Franking labels 2022: Public transport
The era of the ferries
After the abolition of the royal monopoly in 1856 - and the transition from a medieval peasant society to a modern fishing nation had begun, the need for better transport options arose in the Faroe Islands. There was call for a combined cargo and passenger ship was that could sail the coasts of the Faroe Islands.
After ten years of tug-of-war with the Parliament to provide a public coastal freight and passenger service, the management of the Faroe Islands’ largest company, A / S J. Mortensens Eftf. lost patience. They simply had a steamship built in Sweden and had it delivered to the Faroes in December 1895. The ship was named Smiril - and in January 1896 it started sailing regular routes between Tvøroyri, serving the communities in Suðuroy, and Tórshavn, serving the larger communities in the rest of the country.
When A / S J. Mortensens Eftf. had shown that investing in coastal sailing in the Faroe Islands was profitable, other private players immediately joined the fray - and soon small cargo and passenger ships were sailing between the islands.
The country’s coastal ships
In 1917, the Faroese County Municipality took over the operation of Smiril and founded the public coastal shipping company ‘Strandfaraskip Landsins’, popularly called Strandferðslan. For many years, Strandferðslan’s official actvitities only covered the operation of Smiril - but gradually this public shipping company took over the unprofitable routes, while private players continued operating the profitable ones.
In the sixties and seventies, Strandferðslan took over all the ferry routes in the Faroe Islands. The aging fleet was constantly being replaced and renewed - and the youngest sprout on the trunk was the small catamaran ferry ‘Erla Kongsdóttir’, which is the motif on one of the franking labels. Erla Kongsdóttir served as a replacement ship being deployed when one of the active small ships needed to be inspected and repaired.
The era of the tunnels
The first automobile came to the Faroe Islands in the early twenties - and could not drive very far off Tórshavn’s small streets. There were simply no significant country roads. Soon others followed, especially buses and small trucks - and primitive road networks were gradually being developed. Private bus routes were established in connection with the ships’ ports of call, carrying passengers and light cargo to the neighbouring towns and villages.
In the fifties and sixties, many of these local roads were connected - and in the early seventies, a more systematic overhaul of the overall road network began, significantly improving the overall standard.
The big breakthrough came when the two largest islands, Streymoy and Eysturoy, were connected by a bridge. A long tunnel was built through the mountain over the bridge in Norðskáli on the west side of Eysturoy, ending in the valley on the far side of Skálafjørður - thus significantly reducing the distance to Skálafjørður, Eysturoy’s eastern towns and villages and the northernmost islands.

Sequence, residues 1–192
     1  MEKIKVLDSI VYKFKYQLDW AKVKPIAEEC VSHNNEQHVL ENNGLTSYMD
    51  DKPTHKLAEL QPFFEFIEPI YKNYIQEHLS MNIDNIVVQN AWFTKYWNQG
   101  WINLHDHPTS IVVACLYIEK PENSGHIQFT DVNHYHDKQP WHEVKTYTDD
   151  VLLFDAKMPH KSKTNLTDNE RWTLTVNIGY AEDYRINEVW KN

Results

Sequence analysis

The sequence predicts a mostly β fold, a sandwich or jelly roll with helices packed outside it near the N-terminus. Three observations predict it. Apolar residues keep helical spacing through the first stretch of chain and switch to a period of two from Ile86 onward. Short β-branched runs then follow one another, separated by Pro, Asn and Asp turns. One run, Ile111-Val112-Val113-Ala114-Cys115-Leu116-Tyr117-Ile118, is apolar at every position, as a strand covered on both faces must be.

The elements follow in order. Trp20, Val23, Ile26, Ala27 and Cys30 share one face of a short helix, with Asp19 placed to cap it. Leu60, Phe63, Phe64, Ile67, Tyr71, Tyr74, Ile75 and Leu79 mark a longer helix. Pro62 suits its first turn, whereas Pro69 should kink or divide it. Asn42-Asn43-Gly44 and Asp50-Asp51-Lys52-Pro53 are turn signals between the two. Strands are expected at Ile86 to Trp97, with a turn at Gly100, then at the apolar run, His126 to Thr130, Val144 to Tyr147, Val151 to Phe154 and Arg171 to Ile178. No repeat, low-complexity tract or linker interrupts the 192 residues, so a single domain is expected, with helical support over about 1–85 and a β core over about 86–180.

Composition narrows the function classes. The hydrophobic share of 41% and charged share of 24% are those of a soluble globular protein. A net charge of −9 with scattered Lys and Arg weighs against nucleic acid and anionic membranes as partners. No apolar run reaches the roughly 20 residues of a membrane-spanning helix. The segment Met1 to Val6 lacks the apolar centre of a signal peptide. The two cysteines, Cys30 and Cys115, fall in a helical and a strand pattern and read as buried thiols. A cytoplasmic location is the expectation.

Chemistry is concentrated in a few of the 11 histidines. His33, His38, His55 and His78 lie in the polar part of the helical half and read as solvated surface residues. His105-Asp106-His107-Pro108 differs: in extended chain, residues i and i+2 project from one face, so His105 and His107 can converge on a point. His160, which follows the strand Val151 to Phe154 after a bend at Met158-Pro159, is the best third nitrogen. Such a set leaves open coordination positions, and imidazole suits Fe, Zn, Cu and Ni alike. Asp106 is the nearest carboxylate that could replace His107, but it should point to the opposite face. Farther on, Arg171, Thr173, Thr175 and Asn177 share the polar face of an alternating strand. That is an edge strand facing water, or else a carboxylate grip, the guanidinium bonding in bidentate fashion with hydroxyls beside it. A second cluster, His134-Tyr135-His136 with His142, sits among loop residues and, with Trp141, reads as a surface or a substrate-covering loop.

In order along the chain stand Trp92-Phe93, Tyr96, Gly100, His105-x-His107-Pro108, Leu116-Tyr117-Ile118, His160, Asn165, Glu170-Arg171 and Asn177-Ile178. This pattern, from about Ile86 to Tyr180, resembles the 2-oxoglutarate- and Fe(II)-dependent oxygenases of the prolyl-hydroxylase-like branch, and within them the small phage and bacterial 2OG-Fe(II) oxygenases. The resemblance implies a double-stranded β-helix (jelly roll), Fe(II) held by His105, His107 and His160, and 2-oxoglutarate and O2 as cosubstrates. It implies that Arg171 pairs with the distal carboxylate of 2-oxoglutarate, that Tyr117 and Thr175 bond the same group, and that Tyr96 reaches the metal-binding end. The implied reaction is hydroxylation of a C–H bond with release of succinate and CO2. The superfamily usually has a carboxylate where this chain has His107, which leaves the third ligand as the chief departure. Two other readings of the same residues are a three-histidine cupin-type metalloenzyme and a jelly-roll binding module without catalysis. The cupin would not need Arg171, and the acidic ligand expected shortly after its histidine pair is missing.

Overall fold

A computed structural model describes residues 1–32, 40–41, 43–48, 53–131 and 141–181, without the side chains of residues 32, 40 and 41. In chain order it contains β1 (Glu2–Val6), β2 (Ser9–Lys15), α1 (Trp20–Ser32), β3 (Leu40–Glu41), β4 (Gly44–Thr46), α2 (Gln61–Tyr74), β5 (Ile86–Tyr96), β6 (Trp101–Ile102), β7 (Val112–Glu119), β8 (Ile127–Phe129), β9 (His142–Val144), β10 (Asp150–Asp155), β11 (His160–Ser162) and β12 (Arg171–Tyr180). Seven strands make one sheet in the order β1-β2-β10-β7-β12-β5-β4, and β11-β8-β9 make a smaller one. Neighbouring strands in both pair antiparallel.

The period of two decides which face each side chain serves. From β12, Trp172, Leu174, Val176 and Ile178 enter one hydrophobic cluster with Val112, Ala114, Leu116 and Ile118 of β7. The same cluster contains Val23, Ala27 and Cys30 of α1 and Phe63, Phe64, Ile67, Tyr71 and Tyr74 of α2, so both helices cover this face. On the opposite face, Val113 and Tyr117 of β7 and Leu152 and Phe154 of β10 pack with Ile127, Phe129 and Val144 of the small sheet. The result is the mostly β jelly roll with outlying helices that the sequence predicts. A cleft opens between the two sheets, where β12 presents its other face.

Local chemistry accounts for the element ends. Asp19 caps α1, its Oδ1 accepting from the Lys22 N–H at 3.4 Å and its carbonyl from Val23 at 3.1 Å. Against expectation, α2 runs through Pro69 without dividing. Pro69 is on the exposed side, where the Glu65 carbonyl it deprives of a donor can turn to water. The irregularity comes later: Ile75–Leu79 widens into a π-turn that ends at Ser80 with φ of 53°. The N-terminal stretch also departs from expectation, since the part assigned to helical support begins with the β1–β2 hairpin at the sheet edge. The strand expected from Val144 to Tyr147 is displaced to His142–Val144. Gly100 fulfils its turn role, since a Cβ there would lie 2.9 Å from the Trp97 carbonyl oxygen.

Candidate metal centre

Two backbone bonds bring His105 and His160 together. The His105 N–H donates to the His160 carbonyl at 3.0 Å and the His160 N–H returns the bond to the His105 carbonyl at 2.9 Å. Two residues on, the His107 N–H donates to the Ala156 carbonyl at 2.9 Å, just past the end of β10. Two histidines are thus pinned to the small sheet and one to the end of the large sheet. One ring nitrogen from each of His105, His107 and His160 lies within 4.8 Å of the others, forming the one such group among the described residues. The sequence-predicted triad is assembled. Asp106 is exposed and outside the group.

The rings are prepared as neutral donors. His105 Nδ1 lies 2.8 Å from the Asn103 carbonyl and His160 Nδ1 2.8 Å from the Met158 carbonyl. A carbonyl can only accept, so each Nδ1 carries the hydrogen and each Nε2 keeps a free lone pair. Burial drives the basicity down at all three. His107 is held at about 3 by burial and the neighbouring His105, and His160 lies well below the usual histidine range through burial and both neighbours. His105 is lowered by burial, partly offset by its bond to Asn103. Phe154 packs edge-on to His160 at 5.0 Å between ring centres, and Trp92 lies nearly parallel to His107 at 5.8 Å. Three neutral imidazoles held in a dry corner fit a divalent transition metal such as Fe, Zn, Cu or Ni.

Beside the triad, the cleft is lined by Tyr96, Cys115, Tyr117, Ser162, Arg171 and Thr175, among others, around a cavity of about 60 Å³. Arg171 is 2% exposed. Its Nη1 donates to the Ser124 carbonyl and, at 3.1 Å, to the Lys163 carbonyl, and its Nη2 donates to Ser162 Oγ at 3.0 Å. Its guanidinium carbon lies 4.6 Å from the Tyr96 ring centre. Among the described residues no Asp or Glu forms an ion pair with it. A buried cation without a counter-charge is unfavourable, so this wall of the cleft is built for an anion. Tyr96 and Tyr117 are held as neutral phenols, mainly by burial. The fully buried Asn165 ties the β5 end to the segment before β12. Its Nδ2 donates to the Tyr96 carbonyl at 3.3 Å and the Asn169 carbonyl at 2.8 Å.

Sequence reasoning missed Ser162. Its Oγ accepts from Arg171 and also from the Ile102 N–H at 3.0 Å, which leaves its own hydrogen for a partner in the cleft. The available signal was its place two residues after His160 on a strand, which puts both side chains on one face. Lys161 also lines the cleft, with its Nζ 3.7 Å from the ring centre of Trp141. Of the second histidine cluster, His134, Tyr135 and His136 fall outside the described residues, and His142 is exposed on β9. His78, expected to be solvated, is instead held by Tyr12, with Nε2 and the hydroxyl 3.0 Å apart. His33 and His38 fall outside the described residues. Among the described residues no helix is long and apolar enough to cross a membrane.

A few years later, a tunnel was opened between Kaldbaksbotnur and Kollafjørður, which further reduced the distance - and made the old and rather unsafe mountain road from Tórshavn superfluous.
The next major breakthrough came with the construction of the extensive underwater tunnels, first between Streymoy and Vágar and later between Leirvík on Eysturoy and Klaksvík on Borðoy. These large and complex underwater constructions may seem a little overwhelming, but the investments have actually made four expensive ferry routes superfluous.
In 2020, the third and longest underwater tunnel was added, connecting Skálafjørður directly with the capital area. The function of this tunnel is to further shorten the travel distance between Tórshavn, Skálafjørður and the northern islands. At the time of writing, drilling is still in progress under the seabed between Streymoy and Sandoy. Once that project is over, drilling of the final tunnel under the seabed from Sandoy to Suðuroy will begin. When completed, it will be possible to drive from Sumba, the southernmost village in the Faroe Islands, to the northernmost Viðareiði - without ever having to board a ferry on the way.
The era of the buses
In 1980, the public bus company ‘Bygdaleiðir’ was founded and actual bus routes established. Bygdaleiðir was later taken over by Strandferðslan. This has made it considerably easier to travel overland by bus, especially on the long routes between Tórshavn and Vágar Airport, or between Klaksvík and Tórshavn. Bygdaleiðir is represented by the blue bus depicted on the franking label.
The red bus, on the other hand, is one of the city buses in Tórshavn. These buses are operated by the municipal company ‘Bussleiðin’, which was established in 1979. In the seventies, the capital grew - and it became necessary to establish public bus transport in the city, foresightful move which was made at the right time. Since the day these iconic red buses started rolling out for the first time, Tórshavn has more than doubled in size.
In 1980, Strandferðslan also expanded its business with a helicopter route. You could now get to the central destinations significantly faster - but, more importantly, the small and often inaccessible outlying islands have a much more stable connection with the main population areas than when there were only scheduled ferries to rely on.
In 1994, the helicopter services was taken over by the Faroese airline Atlantic Airways, which maintains regular scheduled flights to the islands, and takes care of emergency ambulance transport when the need arises.
Anker Eli Petersen